More importantly, printing allowed GE engineers to design the nozzle without the constraints milling and braising imposed, allowing a better part that increased the fuel savings.
"This manufacturing technology that we're putting in place is required because we couldn't create the designs without it," David Joyce, CEO of GE Aviation.
In a World War 2-era factory near Seattle where Boeing makes its best-selling 737, the company has used Toyota lean manufacturing principles and a moving assembly to nearly triple production to 38 jets a month since 2000. Higher production gives the plant more capacity using the same space and helps lower the cost of each plane.
Another 10 percent improvement is due by mid-2014, as Boeing ramps up to 42 737s per month, the equivalent of two every working day. Boeing aims to do this while reconfiguring the plant to build its next-generation 737MAX, which has 1,441 orders, after picking up 60 firm orders Monday.
"We're going to keep working with the supply chain to see if we can go even faster," said Beverly Wyse, 737 program manager.
At its massive factory north of Seattle, Boeing adopted a moving line for its 777 plane, boosting production nearly 19 percent since 2006, Boeing says.
Now it is using robotic arms to paint wings for its 777 minijumbo, adapting machines long used in the auto industry. The switch from humans allows more consistent paint thickness and is expected to result in significant savings, says Jason Clark, manager of the 777 production line. Eventually the entire plane could be painted robotically.
Airbus also still paints planes by hand.
Conner declined to say how much Boeing expects to save through the measures, but acknowledged it has targets. He does not want Wall Street to monitor them, he said.
Boeing's factory overhauls include even tiny parts. Plastic zip-ties that hold bundles of wire together on the 737, for example, were replaced with tape to eliminate chafing and speed installation of the bundles, saving production time and the need for costly repairs if the wire insulation is damaged.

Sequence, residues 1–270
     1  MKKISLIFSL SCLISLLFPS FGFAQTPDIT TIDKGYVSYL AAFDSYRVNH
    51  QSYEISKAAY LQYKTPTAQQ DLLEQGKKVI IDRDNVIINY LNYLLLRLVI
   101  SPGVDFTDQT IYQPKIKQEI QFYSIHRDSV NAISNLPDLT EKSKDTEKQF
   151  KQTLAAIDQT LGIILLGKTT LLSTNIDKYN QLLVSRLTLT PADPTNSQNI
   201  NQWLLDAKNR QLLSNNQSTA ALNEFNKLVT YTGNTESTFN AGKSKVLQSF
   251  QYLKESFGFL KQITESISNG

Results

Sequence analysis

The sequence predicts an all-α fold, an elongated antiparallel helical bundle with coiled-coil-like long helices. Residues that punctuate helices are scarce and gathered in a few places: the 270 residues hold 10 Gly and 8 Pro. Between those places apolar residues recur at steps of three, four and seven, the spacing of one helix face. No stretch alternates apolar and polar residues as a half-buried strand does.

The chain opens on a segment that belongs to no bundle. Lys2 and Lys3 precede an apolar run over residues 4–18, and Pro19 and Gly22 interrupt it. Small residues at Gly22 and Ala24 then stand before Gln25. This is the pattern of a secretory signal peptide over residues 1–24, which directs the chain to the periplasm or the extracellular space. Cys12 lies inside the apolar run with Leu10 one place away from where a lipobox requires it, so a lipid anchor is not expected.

Airbus has honed the processes in its assembly plant in Toulouse, allowing it to clone the system at plants in Hamburg, Germany, Teijin, China, and Mobile, Alabama, where it broke ground for a $600 million plant in April.
Airbus uses stationary lines, with most jets assembled four abreast in parallel bays, to avoid halting production if a problem halts a line.
The company focuses on doing as many tasks as possible at the same time, a strategy that has cut assembly time 30 percent.
Wings used to go on center fuselage sections first, for example, then other fuselage sections were added, and finally internal systems were turned on and tested. Airbus realized that building the fuselage first allowed workers to power up the internal systems while the wings were going on, so the work could progress in parallel and cut time.
"We're always trying to find more ways of doing more things in parallel, faster," said Alan Pardoe, head of marketing communications at Airbus.
Canadian plane and train maker Bombardier
In planning the factory, it took advantage of automotive technology, said Guy Hachey, COO of Bombardier's aerospace division, who is a veteran of General Motors.
Once again, it planned for growth. It installed tooling to build 120 planes a year but designed a factory to produce double that number.
"We have the land, the plans and the scale of the program to go twice that," Hachey said.
(Additional reporting by Andrea Shalal-esa; Editing by Patricia Kranz, Mary Milliken and Bill Trott)